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“The Shipping Act of 2010”: the Evolution Continues …

by Steve Block (Foster Pepper PLLC)

At the forefront of transportation law news in 1997-1999 was the culmination of years, some would say decades, of industry and legal wrangling over the most suitable economic-regulatory environment for America’s ocean shipping industry. Remember the retirement party for the fiscally and politically obsolete era of mandatory common carriage, thrown simultaneously with the coming out party of government deregulation’s hottest debutante, ocean transportation service contracting?

It was touch and go there a while, with so much bickering back and forth between shippers, carriers, intermediaries, interest groups, government concerns and, yes, lawyers, that we were never really sure the Ocean Shipping Reform Act of 1998 (OSRA) would ever get signed. Congress just doesn’t like enacting shipping legislation unless all concerned bless it. First, getting even tentative accord between shipper and carrier groups was a long and complex undertaking. Second, getting Congress to understand and approve it was a lengthy ordeal. Then, our libidinous president was impeached, delaying the process until, finally, pen met paper.

But finally, effective May 1, 1999, OSRA became law. Parties to ocean shipping transactions were freed to negotiate their own deals confidentially and without risk that similarly situated shippers could demand identical terms based on “me-too rights.” Tariff-based common carriage was left to onesy-and-twosy shippers who didn’t have enough volume to obtain a service contract’s advantages. Shippers were now in control, so it seemed. Their volumes, strategic alignments through shippers associations or through intermediaries, and the world’s generally healthy economy at the time empowered transportation consumers to negotiate favorable freight rates and services with carriers.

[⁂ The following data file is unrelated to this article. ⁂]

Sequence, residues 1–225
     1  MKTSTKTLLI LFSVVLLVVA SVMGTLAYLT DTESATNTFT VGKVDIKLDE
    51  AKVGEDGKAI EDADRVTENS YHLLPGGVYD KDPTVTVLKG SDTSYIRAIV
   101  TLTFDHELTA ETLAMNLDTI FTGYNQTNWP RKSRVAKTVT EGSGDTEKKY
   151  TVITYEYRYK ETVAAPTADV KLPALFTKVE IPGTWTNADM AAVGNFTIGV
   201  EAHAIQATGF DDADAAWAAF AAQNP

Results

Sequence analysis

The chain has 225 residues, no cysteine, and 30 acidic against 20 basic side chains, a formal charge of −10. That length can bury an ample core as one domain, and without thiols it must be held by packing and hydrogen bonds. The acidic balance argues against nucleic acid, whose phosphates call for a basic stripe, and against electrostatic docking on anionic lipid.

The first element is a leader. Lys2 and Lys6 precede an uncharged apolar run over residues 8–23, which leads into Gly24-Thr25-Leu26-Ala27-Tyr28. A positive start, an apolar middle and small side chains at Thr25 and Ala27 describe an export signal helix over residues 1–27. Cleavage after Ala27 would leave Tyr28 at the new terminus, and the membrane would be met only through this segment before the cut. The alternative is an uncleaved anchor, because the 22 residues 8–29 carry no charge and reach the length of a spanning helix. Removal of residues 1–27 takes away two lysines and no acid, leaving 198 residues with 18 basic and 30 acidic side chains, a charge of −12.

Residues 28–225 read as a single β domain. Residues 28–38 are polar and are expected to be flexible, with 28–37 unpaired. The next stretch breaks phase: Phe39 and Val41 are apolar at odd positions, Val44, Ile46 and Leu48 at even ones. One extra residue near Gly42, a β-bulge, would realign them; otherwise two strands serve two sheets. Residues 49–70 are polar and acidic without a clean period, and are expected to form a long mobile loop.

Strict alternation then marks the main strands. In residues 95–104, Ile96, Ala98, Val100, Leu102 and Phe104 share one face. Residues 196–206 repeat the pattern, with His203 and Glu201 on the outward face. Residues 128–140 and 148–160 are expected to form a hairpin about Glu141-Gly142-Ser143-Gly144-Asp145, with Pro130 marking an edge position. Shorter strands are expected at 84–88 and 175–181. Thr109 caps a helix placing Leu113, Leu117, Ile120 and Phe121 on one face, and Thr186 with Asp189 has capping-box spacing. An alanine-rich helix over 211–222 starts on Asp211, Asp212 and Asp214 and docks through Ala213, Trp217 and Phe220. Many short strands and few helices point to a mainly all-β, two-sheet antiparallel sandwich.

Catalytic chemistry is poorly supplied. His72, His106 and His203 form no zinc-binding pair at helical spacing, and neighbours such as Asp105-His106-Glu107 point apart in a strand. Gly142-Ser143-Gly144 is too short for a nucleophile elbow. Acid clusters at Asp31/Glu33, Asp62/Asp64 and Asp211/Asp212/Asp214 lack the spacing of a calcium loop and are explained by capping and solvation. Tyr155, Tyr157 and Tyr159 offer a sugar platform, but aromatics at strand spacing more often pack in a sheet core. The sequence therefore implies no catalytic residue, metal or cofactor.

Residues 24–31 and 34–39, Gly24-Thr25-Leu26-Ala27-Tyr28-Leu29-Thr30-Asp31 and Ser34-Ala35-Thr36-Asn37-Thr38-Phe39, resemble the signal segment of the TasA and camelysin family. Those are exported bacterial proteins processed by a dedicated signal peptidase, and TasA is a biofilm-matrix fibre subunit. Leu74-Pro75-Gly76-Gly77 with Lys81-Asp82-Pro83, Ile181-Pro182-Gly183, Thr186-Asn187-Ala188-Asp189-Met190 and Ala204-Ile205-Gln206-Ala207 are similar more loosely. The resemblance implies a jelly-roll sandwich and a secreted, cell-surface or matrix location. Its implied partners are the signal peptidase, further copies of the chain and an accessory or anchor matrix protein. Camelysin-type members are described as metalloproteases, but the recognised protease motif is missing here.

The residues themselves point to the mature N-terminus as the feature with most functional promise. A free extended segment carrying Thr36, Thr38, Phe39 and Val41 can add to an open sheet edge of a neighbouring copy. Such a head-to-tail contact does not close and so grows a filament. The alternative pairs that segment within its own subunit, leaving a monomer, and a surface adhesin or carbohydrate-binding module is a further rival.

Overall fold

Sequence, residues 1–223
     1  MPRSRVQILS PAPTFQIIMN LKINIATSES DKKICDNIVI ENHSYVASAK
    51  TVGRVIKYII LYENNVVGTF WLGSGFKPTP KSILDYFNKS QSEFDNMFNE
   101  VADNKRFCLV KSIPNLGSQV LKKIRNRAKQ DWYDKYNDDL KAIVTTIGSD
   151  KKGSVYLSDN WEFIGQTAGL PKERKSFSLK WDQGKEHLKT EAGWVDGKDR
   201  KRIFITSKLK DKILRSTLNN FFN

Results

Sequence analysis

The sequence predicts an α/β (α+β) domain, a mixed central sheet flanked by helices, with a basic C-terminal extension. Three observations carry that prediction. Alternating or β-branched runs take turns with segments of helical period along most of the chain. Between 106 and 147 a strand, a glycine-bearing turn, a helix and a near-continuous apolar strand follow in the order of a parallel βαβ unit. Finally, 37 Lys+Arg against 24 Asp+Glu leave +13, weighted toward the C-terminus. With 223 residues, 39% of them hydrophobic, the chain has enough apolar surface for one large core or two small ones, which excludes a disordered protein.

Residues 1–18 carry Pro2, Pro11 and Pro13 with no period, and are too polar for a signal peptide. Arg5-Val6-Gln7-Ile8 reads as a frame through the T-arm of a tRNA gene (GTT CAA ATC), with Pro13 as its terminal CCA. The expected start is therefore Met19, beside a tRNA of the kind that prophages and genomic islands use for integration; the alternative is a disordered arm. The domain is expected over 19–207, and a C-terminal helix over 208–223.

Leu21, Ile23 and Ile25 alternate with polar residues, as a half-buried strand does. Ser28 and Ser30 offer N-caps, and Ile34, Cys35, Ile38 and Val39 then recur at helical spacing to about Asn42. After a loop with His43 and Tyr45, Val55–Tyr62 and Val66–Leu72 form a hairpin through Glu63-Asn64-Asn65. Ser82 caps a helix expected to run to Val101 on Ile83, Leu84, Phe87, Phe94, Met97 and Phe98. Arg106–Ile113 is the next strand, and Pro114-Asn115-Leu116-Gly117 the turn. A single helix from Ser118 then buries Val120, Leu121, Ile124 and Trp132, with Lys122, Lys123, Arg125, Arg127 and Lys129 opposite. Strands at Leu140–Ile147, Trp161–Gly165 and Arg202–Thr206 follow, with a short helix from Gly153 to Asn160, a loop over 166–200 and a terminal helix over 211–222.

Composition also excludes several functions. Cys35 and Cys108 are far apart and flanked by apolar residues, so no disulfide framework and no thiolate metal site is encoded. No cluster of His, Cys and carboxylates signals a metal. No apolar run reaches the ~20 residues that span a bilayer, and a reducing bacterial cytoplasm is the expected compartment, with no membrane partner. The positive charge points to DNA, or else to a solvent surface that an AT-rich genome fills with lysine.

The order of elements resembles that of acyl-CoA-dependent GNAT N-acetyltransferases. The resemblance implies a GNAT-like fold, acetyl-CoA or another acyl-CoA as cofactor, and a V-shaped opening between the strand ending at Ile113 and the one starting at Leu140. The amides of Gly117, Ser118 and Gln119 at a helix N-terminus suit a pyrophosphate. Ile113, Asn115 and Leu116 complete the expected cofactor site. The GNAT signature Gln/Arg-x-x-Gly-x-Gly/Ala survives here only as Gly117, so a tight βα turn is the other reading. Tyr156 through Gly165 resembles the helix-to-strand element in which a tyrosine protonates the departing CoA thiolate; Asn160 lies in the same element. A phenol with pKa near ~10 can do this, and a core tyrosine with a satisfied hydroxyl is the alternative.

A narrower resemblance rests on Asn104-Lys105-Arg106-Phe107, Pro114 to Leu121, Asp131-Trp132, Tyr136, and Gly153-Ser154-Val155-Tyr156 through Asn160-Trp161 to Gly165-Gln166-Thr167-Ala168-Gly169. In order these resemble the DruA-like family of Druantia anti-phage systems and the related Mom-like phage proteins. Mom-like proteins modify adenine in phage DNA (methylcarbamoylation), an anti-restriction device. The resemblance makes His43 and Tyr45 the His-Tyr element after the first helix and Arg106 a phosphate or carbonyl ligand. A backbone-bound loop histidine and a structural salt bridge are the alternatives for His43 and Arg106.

So why on earth did carriers agree to this? What’s in it for them? Varying answers have been offered in response to that question. Certainly, mandatory common carriage forced carrier to waste resources on services that made little economic sense. But one thing’s for certain: preservation of carriers’ sacred antitrust immunity was the freight charge shippers had to pay to get OSRA passed. No ongoing immunity from anticompetitive behavior, carrier groups proclaimed, no carrier support for OSRA. Did that ever make sense in an era when market-driven forces were supposed to be the new regime’s primary objective? Only if you can make sense out of the quirky politics governing ocean shipping.

Part of those politics involved protection of U.S.-flagged liners, i.e., avoiding legislation that would thwart their ability to compete with foreign carriers. But shortly after OSRA’s passage, the remaining three major American steamship lines were sold to foreign concerns, and there wasn’t much of a home-team liner industry for Uncle Sam to protect. Carriers from around the globe organized well to protect their stateside interests over the past decade, but on a number of occasions, shippers, export trade groups, politicos, economists and lawyers have challenged why ocean carrier antitrust immunity to protect foreign companies makes any sense under U.S. law designed to foster market-driven competition.

With the September 22, 2010 submission by representatives Jim Oberstar (D-MN) and Elijah Cummings (D-MD) of the “Shipping Act of 2010” (H.R. 6167), this last vestige of a common carriage compromise reached over a century ago is the subject of potential legislation that would impact the ocean carriage industry tremendously. To describe the new bill’s intention as just subjecting steamship lines to the Sherman Act would be a gross understatement. This bill would turn carriers’ entire approach to shipping economics on its head. It would indeed outlaw any attempt by ocean carriers to discuss, fix or negotiate any kind of service or rate they would collectively charge shippers. Yes, carriers allocating customers or markets also would be verboten. Would divvying up cargo traffic, and profits derived from them, be off limits? Sure. And what about carrier conferences and discussion agreements? Don’t even think about it.